The Chancellor of the University of Professional Studies, Accra (UPSA), Nene Drolor Bosso Adamtey I, has called on traditional, religious and political leaders to embrace change if Ghana is to build a strong leadership base that will transform the country and continent at large.
“We have three institutions in our country: traditional, religious and political. If leadership is to take place, these areas should be open for the kind of change that it takes. If we are going to speak a language that will gain the respect of the world and also be able to build the hope and confidence of our future generations, let’s not fear change. Let us embrace it and let us allow true leadership of all shapes and forms to occur within our institutions.
“If we want to participate and contribute to change and betterment of the world, then we have to move from outmoded structures and not be afraid to embrace what is new. Even though we are not used to it, with time it will grow in us.”
Nene Drolor Bosso Adamtey I was speaking at the launch of the Drolor Centre for Strategic Leadership of the University of Professional Studies, Accra.
The traditional leader, who is also the chair of the centre said: “We have improper training for the next generation, and most of us don’t have mentoring structures in place to support those who are behind us. There have been instances when there has been failure to pass on the baton, and we have lived so long with outdated mindsets.
“It is true in many quarters that we fear change, and as a result of this many citizens within our continent lack confidence and trust in the old leadership.
“I believe there is a solution. Africa has great potential. It is the lack of proper leadership that is hindering and holding us back. But by investing in leadership development of our youth and literally penetrating the areas of our greatest concerns, we can fix this problem once and for all.”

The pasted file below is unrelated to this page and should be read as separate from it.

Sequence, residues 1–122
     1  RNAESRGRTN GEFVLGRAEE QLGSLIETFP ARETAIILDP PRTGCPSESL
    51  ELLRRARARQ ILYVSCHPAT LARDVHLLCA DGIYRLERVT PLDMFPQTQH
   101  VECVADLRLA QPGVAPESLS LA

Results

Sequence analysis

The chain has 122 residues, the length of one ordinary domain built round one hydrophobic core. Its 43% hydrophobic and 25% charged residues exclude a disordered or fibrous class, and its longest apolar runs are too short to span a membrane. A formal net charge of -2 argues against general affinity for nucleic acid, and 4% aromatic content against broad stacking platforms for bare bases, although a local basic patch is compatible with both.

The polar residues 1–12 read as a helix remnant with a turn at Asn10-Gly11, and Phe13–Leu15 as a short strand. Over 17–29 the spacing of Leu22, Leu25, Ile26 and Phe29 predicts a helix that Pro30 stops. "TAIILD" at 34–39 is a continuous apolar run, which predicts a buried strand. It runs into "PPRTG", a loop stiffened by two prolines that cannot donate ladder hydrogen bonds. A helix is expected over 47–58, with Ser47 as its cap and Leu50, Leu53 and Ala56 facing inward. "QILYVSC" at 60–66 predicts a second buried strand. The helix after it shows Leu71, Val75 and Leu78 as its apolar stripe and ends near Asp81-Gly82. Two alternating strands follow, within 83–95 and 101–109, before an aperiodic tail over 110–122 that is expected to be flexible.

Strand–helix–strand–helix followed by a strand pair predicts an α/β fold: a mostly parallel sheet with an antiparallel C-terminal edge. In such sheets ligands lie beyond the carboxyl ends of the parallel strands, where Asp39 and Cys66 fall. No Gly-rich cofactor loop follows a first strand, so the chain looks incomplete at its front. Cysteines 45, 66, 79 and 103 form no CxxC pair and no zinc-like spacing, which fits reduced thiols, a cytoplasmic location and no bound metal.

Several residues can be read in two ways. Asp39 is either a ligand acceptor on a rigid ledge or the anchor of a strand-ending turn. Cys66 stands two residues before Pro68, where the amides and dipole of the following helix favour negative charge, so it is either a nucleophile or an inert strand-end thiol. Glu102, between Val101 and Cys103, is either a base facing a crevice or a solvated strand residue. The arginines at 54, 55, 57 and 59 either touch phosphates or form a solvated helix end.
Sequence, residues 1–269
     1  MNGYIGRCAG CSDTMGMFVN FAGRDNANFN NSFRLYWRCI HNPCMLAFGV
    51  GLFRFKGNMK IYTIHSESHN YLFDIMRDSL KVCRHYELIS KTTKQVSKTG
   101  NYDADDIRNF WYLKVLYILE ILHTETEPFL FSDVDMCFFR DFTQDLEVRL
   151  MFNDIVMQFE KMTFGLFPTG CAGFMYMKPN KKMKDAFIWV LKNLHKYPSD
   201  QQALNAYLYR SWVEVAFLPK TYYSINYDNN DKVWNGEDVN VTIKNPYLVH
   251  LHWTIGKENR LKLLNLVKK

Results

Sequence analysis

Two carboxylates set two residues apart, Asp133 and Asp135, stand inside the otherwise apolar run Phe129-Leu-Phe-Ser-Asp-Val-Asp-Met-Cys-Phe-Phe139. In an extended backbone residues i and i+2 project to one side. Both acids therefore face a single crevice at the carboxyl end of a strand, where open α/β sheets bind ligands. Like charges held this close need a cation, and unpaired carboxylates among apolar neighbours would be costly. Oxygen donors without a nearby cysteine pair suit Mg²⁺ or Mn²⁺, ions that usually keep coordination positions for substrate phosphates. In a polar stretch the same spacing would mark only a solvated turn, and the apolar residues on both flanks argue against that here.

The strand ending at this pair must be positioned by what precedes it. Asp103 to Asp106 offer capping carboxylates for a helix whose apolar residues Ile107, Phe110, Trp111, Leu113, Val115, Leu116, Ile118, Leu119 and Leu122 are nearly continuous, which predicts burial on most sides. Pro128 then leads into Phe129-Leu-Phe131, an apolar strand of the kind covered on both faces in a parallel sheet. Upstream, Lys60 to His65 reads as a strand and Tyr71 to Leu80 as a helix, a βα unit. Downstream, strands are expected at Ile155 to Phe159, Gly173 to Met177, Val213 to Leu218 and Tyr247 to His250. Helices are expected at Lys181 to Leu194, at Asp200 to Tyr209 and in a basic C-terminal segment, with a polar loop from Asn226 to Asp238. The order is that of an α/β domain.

The Drolor Centre for Strategic Leadership was conceived to provide the requisite leadership needed to transform the continent.
Africa has been described as the last frontier. It is the second-largest continent and the world’s oldest populated area. It has 54 independent countries with a 1.1 billion population that is estimated to double to 2.3 billion by 2050.
Africa also has the largest reserves of precious minerals and approximately 30 percent of the earth’s remaining minerals. With a budding young population, of which about 50 percent is under 25 years of age, the continent has yet to experience the kind of development proportionate to its endowed resources.
“We have vast resources and untapped potential. For so long, Africa has been the first to be ignored and the last to be recognised. The Drolor Centre for Strategic Leadership is here not because it knows it all, but it is actually trying to offer help in any way necessary.
“Our mission is to develop leaders with the requisite social capital — leadership skills and competences with strategic partnership, networks and academic development and social skills to make a difference on our continent,” he said.
Professor Goski Alabi, Dean of the Graduate School of the UPSA, in an address said the Drolor Centre for Strategic leadership is set up to provide executives, politicians and senior managers with leadership skills for leading change and making a difference in the 21st century.
“It will also provide a system of understanding for the important concepts of leadership and strategy, but more importantly teach how to create and deliver value for constructive and necessary change.
“It will offer personal grooming and a development programme for African leaders to assert their rightful places in the world economy and undertake applied and actionable research to enhance leadership on the continent,” she said.
The opening of the Drolor Centre for Strategic Leadership follows the official inauguration of the Centre for Public Accountability at the same university this year.